Solutions for Binomial Theorem

Solutions to Try Its

1. a. 35
b. 330

2. a. [latex]{x}^{5}-5{x}^{4}y+10{x}^{3}{y}^{2}-10{x}^{2}{y}^{3}+5x{y}^{4}-{y}^{5}[/latex]
b. [latex]8{x}^{3}+60{x}^{2}y+150x{y}^{2}+125{y}^{3}[/latex]

3. [latex]-10,206{x}^{4}{y}^{5}[/latex]

Solutions to Odd-Numbered Exercises

1. A binomial coefficient is an alternative way of denoting the combination [latex]C\left(n,r\right)[/latex]. It is defined as [latex]\left(\begin{array}{c}n\\ r\end{array}\right)=C\left(n,r\right)=\frac{n!}{r!\left(n-r\right)!}[/latex].

3. The Binomial Theorem is defined as [latex]{\left(x+y\right)}^{n}=\sum _{k=0}^{n}\left(\begin{array}{c}n\\ k\end{array}\right){x}^{n-k}{y}^{k}[/latex] and can be used to expand any binomial.

5. 15

7. 35

9. 10

11. 12,376

13. [latex]64{a}^{3}-48{a}^{2}b+12a{b}^{2}-{b}^{3}[/latex]

15. [latex]27{a}^{3}+54{a}^{2}b+36a{b}^{2}+8{b}^{3}[/latex]

17. [latex]1024{x}^{5}+2560{x}^{4}y+2560{x}^{3}{y}^{2}+1280{x}^{2}{y}^{3}+320x{y}^{4}+32{y}^{5}[/latex]

19. [latex]1024{x}^{5}-3840{x}^{4}y+5760{x}^{3}{y}^{2}-4320{x}^{2}{y}^{3}+1620x{y}^{4}-243{y}^{5}[/latex]

21. [latex]\frac{1}{{x}^{4}}+\frac{8}{{x}^{3}y}+\frac{24}{{x}^{2}{y}^{2}}+\frac{32}{x{y}^{3}}+\frac{16}{{y}^{4}}[/latex]

23. [latex]{a}^{17}+17{a}^{16}b+136{a}^{15}{b}^{2}[/latex]

25. [latex]{a}^{15}-30{a}^{14}b+420{a}^{13}{b}^{2}[/latex]

27. [latex]3,486,784,401{a}^{20}+23,245,229,340{a}^{19}b+73,609,892,910{a}^{18}{b}^{2}[/latex]

29. [latex]{x}^{24}-8{x}^{21}\sqrt{y}+28{x}^{18}y[/latex]

31. [latex]-720{x}^{2}{y}^{3}[/latex]

33. [latex]220,812,466,875,000{y}^{7}[/latex]

35. [latex]35{x}^{3}{y}^{4}[/latex]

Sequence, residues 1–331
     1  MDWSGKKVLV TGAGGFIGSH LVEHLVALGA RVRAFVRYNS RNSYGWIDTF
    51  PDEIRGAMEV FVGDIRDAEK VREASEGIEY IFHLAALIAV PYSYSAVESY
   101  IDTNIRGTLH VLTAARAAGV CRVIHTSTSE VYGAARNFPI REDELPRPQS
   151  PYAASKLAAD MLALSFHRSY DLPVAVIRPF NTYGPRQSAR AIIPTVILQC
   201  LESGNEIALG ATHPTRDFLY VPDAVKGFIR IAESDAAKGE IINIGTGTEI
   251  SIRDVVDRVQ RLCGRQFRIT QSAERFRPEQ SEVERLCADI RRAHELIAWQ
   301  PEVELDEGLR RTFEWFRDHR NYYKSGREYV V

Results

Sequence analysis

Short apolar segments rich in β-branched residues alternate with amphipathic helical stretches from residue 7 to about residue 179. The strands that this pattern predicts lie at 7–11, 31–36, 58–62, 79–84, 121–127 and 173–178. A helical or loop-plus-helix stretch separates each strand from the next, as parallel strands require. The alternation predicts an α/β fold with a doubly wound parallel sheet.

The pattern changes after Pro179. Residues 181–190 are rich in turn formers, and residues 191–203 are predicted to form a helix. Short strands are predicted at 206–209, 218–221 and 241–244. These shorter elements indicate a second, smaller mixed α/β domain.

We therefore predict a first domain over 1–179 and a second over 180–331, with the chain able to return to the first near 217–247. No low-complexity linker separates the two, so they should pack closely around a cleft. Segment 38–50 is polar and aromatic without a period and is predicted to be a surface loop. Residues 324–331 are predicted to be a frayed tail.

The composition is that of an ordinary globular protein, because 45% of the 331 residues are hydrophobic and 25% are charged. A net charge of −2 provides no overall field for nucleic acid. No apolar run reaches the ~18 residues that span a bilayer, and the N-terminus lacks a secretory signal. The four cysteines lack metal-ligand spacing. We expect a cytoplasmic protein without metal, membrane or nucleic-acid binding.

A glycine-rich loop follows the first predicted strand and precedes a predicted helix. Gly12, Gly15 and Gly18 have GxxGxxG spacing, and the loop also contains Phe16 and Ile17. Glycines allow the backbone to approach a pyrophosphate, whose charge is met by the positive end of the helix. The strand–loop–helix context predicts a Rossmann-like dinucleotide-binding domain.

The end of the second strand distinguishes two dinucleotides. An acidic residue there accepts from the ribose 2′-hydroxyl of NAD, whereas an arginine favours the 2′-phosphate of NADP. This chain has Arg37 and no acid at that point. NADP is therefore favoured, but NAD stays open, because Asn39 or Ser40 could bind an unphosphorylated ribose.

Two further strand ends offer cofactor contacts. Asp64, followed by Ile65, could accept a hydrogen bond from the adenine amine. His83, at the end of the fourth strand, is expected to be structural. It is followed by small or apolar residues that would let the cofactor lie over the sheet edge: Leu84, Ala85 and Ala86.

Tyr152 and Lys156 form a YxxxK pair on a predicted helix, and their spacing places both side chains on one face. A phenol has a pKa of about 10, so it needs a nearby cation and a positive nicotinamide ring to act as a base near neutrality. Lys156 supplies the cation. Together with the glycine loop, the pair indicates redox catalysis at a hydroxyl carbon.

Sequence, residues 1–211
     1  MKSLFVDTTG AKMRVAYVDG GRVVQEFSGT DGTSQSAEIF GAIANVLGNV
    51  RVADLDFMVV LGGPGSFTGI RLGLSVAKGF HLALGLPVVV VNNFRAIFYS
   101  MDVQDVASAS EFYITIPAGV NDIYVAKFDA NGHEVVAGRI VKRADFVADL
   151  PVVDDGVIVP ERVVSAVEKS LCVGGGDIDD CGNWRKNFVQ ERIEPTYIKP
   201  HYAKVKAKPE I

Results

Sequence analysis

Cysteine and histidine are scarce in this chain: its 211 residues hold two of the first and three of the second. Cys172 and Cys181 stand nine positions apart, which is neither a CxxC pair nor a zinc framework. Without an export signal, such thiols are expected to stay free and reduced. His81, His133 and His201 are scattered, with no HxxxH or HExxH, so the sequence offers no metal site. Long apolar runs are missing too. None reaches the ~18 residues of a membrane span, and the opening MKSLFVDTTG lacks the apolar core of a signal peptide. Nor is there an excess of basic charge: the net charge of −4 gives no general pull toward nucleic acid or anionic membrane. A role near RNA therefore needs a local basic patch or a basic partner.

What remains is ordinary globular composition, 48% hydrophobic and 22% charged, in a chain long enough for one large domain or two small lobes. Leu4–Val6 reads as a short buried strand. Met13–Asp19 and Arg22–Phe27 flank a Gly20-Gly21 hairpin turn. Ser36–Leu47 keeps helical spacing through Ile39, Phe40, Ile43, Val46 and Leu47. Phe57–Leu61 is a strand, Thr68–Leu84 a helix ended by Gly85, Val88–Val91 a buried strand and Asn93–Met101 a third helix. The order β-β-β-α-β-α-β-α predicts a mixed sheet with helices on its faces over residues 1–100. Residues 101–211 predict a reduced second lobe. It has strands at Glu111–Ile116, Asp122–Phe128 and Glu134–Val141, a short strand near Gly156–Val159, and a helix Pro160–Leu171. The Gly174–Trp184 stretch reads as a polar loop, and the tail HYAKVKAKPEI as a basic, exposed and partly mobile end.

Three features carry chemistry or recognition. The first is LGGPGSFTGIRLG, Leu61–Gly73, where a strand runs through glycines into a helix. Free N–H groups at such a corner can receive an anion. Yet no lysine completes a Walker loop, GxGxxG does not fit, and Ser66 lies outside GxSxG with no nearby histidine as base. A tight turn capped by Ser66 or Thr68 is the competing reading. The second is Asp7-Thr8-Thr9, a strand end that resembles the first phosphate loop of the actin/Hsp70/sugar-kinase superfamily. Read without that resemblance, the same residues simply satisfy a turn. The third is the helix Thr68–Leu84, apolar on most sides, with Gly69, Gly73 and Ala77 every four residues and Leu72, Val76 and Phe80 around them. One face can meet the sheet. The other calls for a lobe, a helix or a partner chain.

37. [latex]1,082,565{a}^{3}{b}^{16}[/latex]

39. [latex]\frac{1152{y}^{2}}{{x}^{7}}[/latex]

41. [latex]{f}_{2}\left(x\right)={x}^{4}+12{x}^{3}[/latex]
Graph of the function f_2.

43. [latex]{f}_{4}\left(x\right)={x}^{4}+12{x}^{3}+54{x}^{2}+108x[/latex]
Graph of the function f_4.

45. [latex]590,625{x}^{5}{y}^{2}[/latex]

47. [latex]\left(\begin{array}{c}n\\ k - 1\end{array}\right)+\left(\begin{array}{l}n\\ k\end{array}\right)=\left(\begin{array}{c}n+1\\ k\end{array}\right)[/latex]; Proof:
[latex]\begin{array}{}\\ \\ \\ \left(\begin{array}{c}n\\ k - 1\end{array}\right)+\left(\begin{array}{l}n\\ k\end{array}\right)\\ =\frac{n!}{k!\left(n-k\right)!}+\frac{n!}{\left(k - 1\right)!\left(n-\left(k - 1\right)\right)!}\\ =\frac{n!}{k!\left(n-k\right)!}+\frac{n!}{\left(k - 1\right)!\left(n-k+1\right)!}\\ =\frac{\left(n-k+1\right)n!}{\left(n-k+1\right)k!\left(n-k\right)!}+\frac{kn!}{k\left(k - 1\right)!\left(n-k+1\right)!}\\ =\frac{\left(n-k+1\right)n!+kn!}{k!\left(n-k+1\right)!}\\ =\frac{\left(n+1\right)n!}{k!\left(\left(n+1\right)-k\right)!}\\ =\frac{\left(n+1\right)!}{k!\left(\left(n+1\right)-k\right)!}\\ =\left(\begin{array}{c}n+1\\ k\end{array}\right)\end{array}[/latex]

49. The expression [latex]{\left({x}^{3}+2{y}^{2}-z\right)}^{5}[/latex] cannot be expanded using the Binomial Theorem because it cannot be rewritten as a binomial.